Have you heard Romero speak? Ummmm….Ummmmm…Ummmmm…I was thinking of making a drinking game where we all take a shot every time Romero says “Ummmmmm”, but we’d all be dead from alcohol poisoning in about eight minutes if we did that.

The right thing for the Star to do with the Ward 1 race would have been to say that they were unable to endorse a candidate for the Ward 1 race. But, how often does the Star do the right thing?

Your third paragraph suggests that we’re in agreement on the most part. You and I just found a different way to say the same thing…with one exception. The news department does indeed have a hard-left political bent. They refer to SB1070 as an “immigration law”, they refuse to use the term “illegal alien”, preferring “undocumented crosser” or something to that effect, and they have taken the lead with Giffords’ reelection campaign by reporting her and her creepy husband’s every little step.

As to your fourth paragraph…I really, really, really hope it was all sarcasm, because it was WAY off is so many ways…

Since we’re discussing local media, I’ll throw in this for food for thought…the man with the single easiest job in this entire town is Jon Justice. He makes a living pointing out the mistakes and blunders made by the mayor and council. The mayor and council give Justice so much to work with on a silver platter that, not only does Justice not have to really research anything, but he probably throws away more than he keeps. The ultimate irony is that the people who hate Justice the most keep reelecting the incumbents that keep him employed and thriving.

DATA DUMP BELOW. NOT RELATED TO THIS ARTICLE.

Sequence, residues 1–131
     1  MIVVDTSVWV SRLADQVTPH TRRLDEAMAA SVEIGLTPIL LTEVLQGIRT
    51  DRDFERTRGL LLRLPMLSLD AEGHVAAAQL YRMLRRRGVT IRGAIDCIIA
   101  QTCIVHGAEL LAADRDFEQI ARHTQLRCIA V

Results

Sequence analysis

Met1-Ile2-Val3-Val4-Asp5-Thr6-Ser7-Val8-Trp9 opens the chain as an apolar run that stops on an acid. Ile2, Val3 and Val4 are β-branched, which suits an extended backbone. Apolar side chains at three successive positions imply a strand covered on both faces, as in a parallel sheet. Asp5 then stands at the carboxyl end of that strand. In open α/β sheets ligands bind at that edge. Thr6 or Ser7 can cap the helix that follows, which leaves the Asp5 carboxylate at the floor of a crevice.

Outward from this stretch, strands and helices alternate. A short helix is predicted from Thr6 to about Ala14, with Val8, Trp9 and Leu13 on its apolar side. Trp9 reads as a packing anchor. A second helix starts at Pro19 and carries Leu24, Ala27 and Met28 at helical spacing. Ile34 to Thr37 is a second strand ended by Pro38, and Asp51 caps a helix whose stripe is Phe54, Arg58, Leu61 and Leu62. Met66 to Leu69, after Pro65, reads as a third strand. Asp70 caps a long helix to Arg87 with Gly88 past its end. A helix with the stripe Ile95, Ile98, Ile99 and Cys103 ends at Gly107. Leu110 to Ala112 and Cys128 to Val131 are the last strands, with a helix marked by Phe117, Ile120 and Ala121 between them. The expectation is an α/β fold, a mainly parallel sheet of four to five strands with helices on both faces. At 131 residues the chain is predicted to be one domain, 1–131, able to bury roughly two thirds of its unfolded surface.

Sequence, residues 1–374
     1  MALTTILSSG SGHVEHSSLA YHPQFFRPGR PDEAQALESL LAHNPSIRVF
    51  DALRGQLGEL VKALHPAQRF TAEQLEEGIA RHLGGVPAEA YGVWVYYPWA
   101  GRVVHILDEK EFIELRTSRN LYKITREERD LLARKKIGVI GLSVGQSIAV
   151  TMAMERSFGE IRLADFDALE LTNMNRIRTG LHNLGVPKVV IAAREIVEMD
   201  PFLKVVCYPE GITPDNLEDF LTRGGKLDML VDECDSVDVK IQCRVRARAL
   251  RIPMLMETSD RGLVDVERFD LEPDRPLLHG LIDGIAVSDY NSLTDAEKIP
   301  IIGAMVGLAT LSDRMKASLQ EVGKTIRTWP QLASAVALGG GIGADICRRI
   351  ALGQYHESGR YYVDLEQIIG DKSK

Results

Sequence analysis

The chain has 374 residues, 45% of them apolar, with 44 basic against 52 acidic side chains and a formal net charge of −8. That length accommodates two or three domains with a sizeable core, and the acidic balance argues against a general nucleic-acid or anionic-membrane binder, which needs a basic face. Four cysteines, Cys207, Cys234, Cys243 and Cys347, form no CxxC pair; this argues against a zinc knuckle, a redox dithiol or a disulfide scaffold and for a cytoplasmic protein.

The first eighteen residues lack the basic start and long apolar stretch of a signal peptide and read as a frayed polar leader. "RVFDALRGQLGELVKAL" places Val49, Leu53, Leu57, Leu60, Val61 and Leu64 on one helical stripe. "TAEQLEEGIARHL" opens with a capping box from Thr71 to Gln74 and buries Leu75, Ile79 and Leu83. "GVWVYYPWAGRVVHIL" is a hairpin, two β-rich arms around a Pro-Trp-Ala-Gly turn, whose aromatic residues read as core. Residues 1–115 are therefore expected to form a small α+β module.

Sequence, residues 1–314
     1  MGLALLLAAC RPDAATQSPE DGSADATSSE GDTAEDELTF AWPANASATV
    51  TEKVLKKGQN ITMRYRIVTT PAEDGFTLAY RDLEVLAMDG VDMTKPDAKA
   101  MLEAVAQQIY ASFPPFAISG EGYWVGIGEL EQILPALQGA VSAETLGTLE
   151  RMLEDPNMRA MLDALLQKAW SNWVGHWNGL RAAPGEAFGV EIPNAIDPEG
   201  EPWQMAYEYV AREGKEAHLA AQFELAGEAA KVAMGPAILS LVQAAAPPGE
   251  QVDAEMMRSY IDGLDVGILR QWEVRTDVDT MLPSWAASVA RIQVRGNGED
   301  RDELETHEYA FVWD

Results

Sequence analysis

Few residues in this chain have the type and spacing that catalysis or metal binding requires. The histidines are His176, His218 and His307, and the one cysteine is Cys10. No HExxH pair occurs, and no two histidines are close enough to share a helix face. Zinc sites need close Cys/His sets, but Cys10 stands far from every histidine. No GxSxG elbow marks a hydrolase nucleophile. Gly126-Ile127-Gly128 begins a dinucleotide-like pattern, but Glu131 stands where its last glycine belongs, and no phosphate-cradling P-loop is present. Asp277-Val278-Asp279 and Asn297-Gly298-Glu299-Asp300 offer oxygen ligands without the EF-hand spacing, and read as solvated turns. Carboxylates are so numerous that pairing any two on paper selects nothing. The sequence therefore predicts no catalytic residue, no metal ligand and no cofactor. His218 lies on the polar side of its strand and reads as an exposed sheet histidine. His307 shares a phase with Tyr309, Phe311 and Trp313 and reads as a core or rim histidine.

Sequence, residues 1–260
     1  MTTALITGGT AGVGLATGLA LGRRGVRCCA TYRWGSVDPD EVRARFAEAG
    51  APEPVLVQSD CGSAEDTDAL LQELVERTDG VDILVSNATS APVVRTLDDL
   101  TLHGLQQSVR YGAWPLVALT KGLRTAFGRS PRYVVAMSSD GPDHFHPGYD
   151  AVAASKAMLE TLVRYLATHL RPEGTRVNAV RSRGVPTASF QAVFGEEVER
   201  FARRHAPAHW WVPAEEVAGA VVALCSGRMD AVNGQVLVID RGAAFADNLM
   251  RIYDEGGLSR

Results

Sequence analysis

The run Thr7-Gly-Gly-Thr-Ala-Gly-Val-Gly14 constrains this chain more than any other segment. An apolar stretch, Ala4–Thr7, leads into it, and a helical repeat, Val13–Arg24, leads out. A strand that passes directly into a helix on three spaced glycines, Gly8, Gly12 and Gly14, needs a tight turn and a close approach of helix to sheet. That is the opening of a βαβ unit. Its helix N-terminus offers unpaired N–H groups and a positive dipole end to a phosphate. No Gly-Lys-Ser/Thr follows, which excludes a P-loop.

Nov 23, 2011, 10:52 am
-0 +4

First of all, Bret, as recently as last year the Star endorsed Republicans John McCain, Ken Bennett, Doug Ducey, Vic Williams and Pat Kilburn.  They also endorsed a Green, Kent Solberg.  (And that was just 2010!  They’ve endorsed plenty of Republicans in prior races too.)

As for your bit about Regina Romero, only two candidates ran in that race.  Are you saying the Green Party’s Beryl Baker would have been better?  (Have you heard her speak?)  Romero is the most popular member of the Tucson City Council by far, and has had the votes to prove it both times she’s run.  She didn’t just beat her Green Party opponent, she got more votes than any other candidate in the city.  More than Rothschild, more than Cunningham.  Explain that.

As for the Star, I think it’s worth pointing out that people often, and incorrectly, take the political bent of a newspaper’s editorial page to define the political bent of its news department.  Editorial page content, as a general rule, reflects the distribution of voter registration across any newspaper’s area of circulation.  The Star’s tendency to endorse Democrats is basically a function of Pima County’s voters being mostly Democrats.  And that’s true of newspapers in most places.

As for the Star’s reporting of local news, they take a hardline pro-business, pro-growth, pro-sprawl approach.  It’s what their advertisers, the largest of which are from real estate, automotive and chain retail sectors, want.  The Star attacks the City of Tucson, tries to make it look bad, treats the leaders that stand up for its citizens’ interests the worst, and those who try to undermine it the best.  That’s not necessarily a pro-Republican bias, it’s just a bias toward its advertisers, who want as much growth as possible, citizens be dammed.